So, “Your Mileage May Vary” definitely applies here. Your enjoyment of the movie will probably hinge on two very important factors: 1) do you like Vin Diesel and his acting style and 2) do you like the “Undying Hero” genre, or in other words, do you like Highlander and/or The Sorcerer’s Apprentice? If the answer is yes to both of those (like me), then this is going to be a fairly enjoyable watch, if your answer is yes to one of the two questions, then you’ll probably find it bog-standard average–nothing special, but totally watchable, but if your answer is no to both of these things, then you’ll probably want to watch something else as there’s no escaping either of these two factors.

Sidney


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Mini-Movie Review: The Dark Knight

Heath Ledger in white green and red face paint as the Joker, sitting on the ground, against a white brick wall, looking up menacingly at the camera.
Image Source: https://www.imdb.com/title/tt0468569/

Full Disclosure: I saw this movie earlier this year and I’m just now getting around to reviewing it and posting this on the blog.

So, let me just say right now and upfront: 1) I am NOT the target audience for this movie, 2) if you think this is going to be another glowing review of this movie, you might want to stop reading now, and 3) I have an inherent bias against this type of movie–which I will explain in the blog post. In other words, if this is your favorite movie, I will NOT be complimentary towards it–so I’m just warning you upfront.

Also, before I begin, I should note that I can separate and appreciate the actors’ performances in this movie, especially Heath Ledger. Having seen and enjoyed his work in other movies (notably The Knight’s Tale), I find it sad that he is not still with us. All the actors do a phenomenal job–no, I have stylistic and philosophical problems with the movie.

Why Am I Torturing Myself?

This is a GREAT question. Life is too short to watch movies that I don’t enjoy (or know that I’m not going to enjoy). Well, unfortunately, The Dark Knight is one of those seminal films that someone who is a “film scholar” has to see. It is very much a modern “reference” film to see how film-making “changed” with its release. My dissertation director has already asked me if I’ve had a chance to see Joker yet, so I know that that film is also in my future at some point. However, The Dark Knight was on Netflix, but was pulled towards the end of March, so I decided I would go ahead and just watch it and get it out of the way. I knew I wouldn’t like it–but I thought that I could hold my nose long enough to get through it. Well, I did, but it has been a real struggle.

Stylistic Problems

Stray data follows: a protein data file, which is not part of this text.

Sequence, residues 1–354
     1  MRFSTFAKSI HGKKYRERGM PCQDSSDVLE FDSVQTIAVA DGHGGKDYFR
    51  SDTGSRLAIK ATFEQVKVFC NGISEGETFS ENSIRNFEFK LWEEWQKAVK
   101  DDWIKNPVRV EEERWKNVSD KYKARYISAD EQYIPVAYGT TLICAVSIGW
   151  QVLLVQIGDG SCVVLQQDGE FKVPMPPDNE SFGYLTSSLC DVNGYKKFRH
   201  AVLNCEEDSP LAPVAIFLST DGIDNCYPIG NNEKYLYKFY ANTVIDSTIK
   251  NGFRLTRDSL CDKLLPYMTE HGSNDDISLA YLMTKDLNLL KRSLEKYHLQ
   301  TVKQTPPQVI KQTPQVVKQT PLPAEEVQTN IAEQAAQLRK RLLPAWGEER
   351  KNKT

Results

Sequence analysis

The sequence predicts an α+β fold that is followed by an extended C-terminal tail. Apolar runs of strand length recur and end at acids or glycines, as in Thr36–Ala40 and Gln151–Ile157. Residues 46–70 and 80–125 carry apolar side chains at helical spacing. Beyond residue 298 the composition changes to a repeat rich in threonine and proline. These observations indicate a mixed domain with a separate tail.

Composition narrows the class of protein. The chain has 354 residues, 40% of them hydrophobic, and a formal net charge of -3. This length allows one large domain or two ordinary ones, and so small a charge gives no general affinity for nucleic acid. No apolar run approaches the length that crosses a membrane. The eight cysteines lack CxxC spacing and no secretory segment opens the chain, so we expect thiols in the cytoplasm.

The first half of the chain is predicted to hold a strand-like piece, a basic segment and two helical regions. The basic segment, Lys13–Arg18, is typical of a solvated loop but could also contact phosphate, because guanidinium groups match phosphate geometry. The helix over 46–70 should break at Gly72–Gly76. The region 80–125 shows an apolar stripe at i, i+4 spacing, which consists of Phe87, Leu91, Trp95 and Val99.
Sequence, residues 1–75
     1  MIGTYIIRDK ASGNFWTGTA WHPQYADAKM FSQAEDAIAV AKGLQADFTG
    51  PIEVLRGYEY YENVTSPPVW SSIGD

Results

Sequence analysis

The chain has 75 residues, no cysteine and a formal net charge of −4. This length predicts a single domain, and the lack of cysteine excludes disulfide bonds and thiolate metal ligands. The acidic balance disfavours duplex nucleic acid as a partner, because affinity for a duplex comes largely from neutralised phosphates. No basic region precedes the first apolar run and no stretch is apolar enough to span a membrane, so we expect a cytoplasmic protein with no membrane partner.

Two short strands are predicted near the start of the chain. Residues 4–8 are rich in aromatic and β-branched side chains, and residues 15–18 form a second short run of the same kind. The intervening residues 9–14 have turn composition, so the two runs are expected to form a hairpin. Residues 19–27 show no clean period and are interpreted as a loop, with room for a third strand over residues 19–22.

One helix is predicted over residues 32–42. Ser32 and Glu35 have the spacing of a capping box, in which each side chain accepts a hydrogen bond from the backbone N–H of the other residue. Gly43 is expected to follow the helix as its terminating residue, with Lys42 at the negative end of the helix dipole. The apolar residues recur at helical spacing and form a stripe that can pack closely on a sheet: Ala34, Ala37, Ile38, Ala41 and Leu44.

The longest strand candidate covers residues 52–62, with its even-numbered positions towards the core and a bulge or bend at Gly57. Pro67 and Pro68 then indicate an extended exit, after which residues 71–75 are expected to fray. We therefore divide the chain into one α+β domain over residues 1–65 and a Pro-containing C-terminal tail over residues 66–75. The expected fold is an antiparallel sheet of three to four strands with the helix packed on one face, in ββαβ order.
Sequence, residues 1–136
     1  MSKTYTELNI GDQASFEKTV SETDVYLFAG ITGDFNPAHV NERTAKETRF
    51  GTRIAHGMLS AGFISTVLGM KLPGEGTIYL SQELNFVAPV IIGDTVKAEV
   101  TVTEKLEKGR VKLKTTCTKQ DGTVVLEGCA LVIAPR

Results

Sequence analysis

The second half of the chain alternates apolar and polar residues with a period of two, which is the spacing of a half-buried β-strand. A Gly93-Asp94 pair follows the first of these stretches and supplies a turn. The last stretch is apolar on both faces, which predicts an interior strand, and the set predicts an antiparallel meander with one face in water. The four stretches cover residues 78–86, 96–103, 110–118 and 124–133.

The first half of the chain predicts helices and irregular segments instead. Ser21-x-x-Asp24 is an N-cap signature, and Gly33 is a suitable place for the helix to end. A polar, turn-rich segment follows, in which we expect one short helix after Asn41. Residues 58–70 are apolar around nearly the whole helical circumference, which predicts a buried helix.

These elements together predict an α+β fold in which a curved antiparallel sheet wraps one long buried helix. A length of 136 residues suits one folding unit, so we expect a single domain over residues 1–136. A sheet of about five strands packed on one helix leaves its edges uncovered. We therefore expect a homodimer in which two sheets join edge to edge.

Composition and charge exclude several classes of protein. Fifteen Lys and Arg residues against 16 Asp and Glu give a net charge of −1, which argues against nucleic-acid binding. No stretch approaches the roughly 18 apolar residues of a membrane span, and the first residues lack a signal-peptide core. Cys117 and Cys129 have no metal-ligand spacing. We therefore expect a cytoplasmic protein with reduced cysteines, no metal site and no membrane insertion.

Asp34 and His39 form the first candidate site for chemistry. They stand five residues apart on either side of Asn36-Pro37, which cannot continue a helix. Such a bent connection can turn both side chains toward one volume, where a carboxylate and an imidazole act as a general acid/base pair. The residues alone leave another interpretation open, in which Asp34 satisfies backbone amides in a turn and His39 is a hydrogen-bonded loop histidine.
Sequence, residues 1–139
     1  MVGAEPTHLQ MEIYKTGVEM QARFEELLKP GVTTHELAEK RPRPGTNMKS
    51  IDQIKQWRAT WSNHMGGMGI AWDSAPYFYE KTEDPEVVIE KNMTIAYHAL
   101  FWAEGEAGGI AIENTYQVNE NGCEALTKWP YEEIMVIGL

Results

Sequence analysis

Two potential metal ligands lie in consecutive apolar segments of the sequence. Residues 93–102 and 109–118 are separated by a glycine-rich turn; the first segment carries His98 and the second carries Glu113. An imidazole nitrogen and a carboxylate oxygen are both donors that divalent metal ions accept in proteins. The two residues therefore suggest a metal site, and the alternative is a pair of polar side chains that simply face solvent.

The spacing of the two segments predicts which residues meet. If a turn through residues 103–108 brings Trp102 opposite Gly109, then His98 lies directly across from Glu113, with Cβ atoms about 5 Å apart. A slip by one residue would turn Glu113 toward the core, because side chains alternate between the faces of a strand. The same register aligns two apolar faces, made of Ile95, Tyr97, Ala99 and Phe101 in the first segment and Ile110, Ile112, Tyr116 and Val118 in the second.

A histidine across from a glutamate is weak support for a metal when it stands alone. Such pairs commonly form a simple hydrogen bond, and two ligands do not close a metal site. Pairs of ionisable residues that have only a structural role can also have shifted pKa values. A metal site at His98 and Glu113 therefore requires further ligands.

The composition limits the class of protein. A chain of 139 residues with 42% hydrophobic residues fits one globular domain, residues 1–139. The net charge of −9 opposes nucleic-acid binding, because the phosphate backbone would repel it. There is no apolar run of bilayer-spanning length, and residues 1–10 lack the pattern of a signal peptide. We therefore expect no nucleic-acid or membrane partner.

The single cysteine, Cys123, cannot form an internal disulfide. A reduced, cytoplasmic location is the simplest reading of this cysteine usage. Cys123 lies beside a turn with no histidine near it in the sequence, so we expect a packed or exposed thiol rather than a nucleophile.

While my problems are mostly philosophical, I do still have some real issues with the style of the movie. The hero does nothing to solve the problem. Batman, and by extension, Bruce Wayne is a very passive hero who does very little to solve the problem.

Also, the costuming of the Batman character looks really weak. Very few of the actors portraying the character really look good in the suit–I think because it is a “movie” suit rather than a vigilante costume designed to inspire terror. Remember, Batman was conceived in 1939, when Gothic movies were popular and where the image of a bat would be considered horrifying to the psyche. However, in 2008, when the movie was released the world is entirely different and the suit in now iconic rather than imposing. I guess my point is that I don’t see this Batman as able to inspire the type of fear that he does in the criminals of Gotham.

Finally, it is a long movie. At 2 hours and 32 minutes, it tested my patience–breaking it actually. So much so, that I actually had to break the movie up into 2 sittings. I don’t see how critics can complain about The Return of the King’s runtime 3 hours and 28 minutes and not have an issue with The Dark Knight’s grueling length. Yes, the latter is almost an hour longer, but I was so engrossed in the world that I didn’t notice it, while I was so weary of the Dark Knight’s world that I could hardly believe it when I turned it off, only to discover I was only halfway finished with it and would need another whole session just to finish it.

Ugh!

Philosophical Problems

This is where I can really cut loose on the movie. We might as well had titled this movie The Joker as well because the Joker gets all of the good lines and all of the screen time. Heck, the Joker basically becomes the hero of the movie in a very post 9/11 fashion. Heath Ledger’s Joker becomes an embodiment of the two things I hate most about “Real Life” (RL): the “bully” as hero and the hero as one who can’t act because they have rules. Let’s take on the bully as hero idea first. So, the Joker is essentially “The Superman of Bullies.” From the very first instance we see the Joker in the movie, he kills the leader of the first mob (an African American, btw, continuing the trend of black characters dying off first in movies)

The Joker’s appeal comes from his “power“–he doesn’t have to follow any rules. He can just do whatever he wants. For some unknown reason, that seems to be a “fantasy” of this generation. Rules only apply to others and not to me. A digression: I see it all the time with drivers making U-Turns all the time. When I was a child, a U-Turn was a major no-no (almost taboo) and it was very rare when I saw it–now I see it sometimes 2-3 times a day (even though it is dangerous to other drivers on the road–hence, the reason it is illegal). This is exactly what the Joker embodies–that only “fools” follow the “rules.” He wants chaos, he wants disorder, he wants to just destroy for the sake of destroying. This is also what 9/11 is about–terrorist want to cause fear just to disrupt lives, so as to change behavior. In some ways, this movie is fighting the war against terrorism all over again, just with the Joker standing in for the terrorists and the need to get revenge.